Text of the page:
The scientists who opened the skies to humanity without ever leaving the ground.
In 1961, Nancy Grace Roman was already the first Chief of Astronomy in NASA's Office of Space Science. She developed that program in a time before the second wave of the Women’s Movement in the United States began, when banks often refused women credit in their own names and there was still an active medical debate about whether women could ever physically endure spaceflight someday. But Roman opened the skies to humanity in new ways without ever leaving the ground.
She earned her Ph.D. in astronomy at the University of Chicago in 1949 and worked at the Yerkes Observatory there for six years afterward. She joined the radio astronomy group at the Naval Research Laboratory, becoming the head of the microwave spectroscopy section. As she recalled in 1980 in an oral history interview with National Air and Space Museum curator David DeVorkin, when she heard that NASA might set up a space astronomy program, she wanted to lead it: “The idea of coming in with an absolutely clean slate to set up a program that I thought was likely to influence astronomy for 50 years was just a challenge that I couldn't turn down. That's all there is to it.” She joined NASA in 1959, just after the agency’s founding.
Roman was not a “hidden figure,” but rather a recognized leader in her field. As the founding chief of astronomy and solar physics, she was the first woman to hold an executive position at NASA. But she became best known as the “Mother of the Hubble Space Telescope.” She began working on the question of putting astronomical instruments into space as early as 1962, puzzling about how an accurate pointing system could be incorporated on a telescope or detector that would be small enough to be launched by the rockets of the day. Her advocacy for putting the tools of astronomy in space, beyond the blurring effects of the Earth’s atmosphere, eventually led to the Hubble Space Telescope.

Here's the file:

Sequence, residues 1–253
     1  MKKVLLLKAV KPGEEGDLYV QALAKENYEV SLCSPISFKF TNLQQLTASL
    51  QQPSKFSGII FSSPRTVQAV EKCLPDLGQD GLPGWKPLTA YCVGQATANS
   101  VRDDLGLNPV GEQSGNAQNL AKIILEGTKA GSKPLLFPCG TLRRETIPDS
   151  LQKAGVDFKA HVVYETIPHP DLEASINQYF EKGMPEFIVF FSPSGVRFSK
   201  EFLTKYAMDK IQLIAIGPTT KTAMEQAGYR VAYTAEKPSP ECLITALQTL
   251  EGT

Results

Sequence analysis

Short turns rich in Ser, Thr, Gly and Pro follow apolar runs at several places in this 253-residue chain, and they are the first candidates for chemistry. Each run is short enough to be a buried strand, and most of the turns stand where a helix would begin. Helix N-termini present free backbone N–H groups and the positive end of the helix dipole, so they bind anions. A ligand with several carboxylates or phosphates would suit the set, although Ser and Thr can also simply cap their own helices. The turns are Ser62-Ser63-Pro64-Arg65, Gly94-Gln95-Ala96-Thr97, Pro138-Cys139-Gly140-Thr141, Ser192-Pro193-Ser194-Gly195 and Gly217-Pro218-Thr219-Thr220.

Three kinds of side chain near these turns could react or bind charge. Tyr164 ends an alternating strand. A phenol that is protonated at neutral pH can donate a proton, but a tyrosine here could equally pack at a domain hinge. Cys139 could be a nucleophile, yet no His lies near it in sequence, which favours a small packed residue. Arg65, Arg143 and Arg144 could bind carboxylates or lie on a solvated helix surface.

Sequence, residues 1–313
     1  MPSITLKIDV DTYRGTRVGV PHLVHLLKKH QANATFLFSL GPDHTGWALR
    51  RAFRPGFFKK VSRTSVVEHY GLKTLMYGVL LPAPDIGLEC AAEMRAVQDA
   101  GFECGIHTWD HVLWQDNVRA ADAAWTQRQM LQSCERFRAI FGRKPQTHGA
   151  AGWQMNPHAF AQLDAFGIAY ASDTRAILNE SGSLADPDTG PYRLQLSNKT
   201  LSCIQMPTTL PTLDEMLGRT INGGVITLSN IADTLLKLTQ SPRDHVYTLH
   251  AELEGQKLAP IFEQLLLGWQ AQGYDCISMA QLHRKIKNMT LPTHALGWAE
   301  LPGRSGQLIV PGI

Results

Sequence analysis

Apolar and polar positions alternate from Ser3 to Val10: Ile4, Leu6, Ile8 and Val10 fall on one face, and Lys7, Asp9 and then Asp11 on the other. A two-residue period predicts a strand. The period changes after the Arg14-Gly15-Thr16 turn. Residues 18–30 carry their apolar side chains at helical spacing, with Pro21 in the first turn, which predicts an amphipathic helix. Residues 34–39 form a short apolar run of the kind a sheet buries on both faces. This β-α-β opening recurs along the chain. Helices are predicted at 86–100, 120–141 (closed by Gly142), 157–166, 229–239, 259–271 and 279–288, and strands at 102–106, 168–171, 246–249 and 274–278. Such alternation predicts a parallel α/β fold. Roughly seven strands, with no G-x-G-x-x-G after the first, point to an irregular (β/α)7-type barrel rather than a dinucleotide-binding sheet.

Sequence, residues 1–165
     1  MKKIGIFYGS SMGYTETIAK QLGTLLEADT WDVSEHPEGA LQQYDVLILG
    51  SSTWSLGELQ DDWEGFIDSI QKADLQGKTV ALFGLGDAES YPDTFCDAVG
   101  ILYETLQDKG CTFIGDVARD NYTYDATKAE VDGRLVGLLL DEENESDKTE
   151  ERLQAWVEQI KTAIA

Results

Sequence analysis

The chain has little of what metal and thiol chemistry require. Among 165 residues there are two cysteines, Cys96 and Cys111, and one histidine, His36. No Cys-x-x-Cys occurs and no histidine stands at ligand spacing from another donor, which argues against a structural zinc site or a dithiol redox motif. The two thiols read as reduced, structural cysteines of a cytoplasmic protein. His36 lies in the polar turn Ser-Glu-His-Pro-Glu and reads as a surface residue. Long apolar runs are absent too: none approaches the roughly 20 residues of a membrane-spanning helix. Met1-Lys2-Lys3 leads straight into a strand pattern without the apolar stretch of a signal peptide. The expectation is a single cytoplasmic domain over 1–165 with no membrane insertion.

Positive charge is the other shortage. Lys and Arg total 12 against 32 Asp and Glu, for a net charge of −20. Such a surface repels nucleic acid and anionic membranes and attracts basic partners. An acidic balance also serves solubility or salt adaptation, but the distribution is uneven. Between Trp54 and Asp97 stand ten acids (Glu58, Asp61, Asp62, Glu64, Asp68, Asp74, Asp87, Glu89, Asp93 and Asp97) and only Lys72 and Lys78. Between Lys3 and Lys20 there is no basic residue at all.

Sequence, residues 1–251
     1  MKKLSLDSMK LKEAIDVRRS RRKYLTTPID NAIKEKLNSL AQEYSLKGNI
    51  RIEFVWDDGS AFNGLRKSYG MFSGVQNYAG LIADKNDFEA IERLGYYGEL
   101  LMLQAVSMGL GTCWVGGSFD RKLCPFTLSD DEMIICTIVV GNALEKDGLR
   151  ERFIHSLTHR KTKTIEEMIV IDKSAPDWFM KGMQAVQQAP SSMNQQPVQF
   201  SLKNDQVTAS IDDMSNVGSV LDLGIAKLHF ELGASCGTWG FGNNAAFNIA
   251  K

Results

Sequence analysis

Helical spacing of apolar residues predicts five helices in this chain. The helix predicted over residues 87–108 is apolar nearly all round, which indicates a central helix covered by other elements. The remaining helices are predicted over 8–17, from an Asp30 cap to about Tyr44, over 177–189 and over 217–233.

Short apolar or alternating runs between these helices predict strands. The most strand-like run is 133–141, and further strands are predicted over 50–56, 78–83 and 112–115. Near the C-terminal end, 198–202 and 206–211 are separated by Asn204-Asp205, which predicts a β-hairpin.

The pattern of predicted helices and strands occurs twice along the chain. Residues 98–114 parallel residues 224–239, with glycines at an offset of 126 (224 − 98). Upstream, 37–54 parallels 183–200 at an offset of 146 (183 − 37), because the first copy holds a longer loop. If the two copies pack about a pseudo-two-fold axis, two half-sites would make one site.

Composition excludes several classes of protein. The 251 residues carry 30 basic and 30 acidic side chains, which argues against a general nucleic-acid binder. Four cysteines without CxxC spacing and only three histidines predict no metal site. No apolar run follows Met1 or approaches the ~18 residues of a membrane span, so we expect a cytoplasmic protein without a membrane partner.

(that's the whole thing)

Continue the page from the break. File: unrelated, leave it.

She was a longtime friend of the Museum and a welcome contributor to the scholarly communities working on space history and space science. Even in her 80s and 90s, she frequently participated in scholarly meetings in the Washington, DC metro area.
In a coda that underscores her significance, Roman was one of the inspiring women whom MIT writer Maia Weinstock chose to depict in her “Women of NASA” LEGO kit (produced for sale by the company beginning in 2017). The white-haired plastic figurine stands next to a tiny Hubble Space Telescope, as a tribute to a career of leadership in space astronomy.
Images taken by the Hubble Space Telescope stand not only as scientific contributions but as breathtaking visions of the beauty of our universe. The next time you see one, thank Nancy Grace Roman.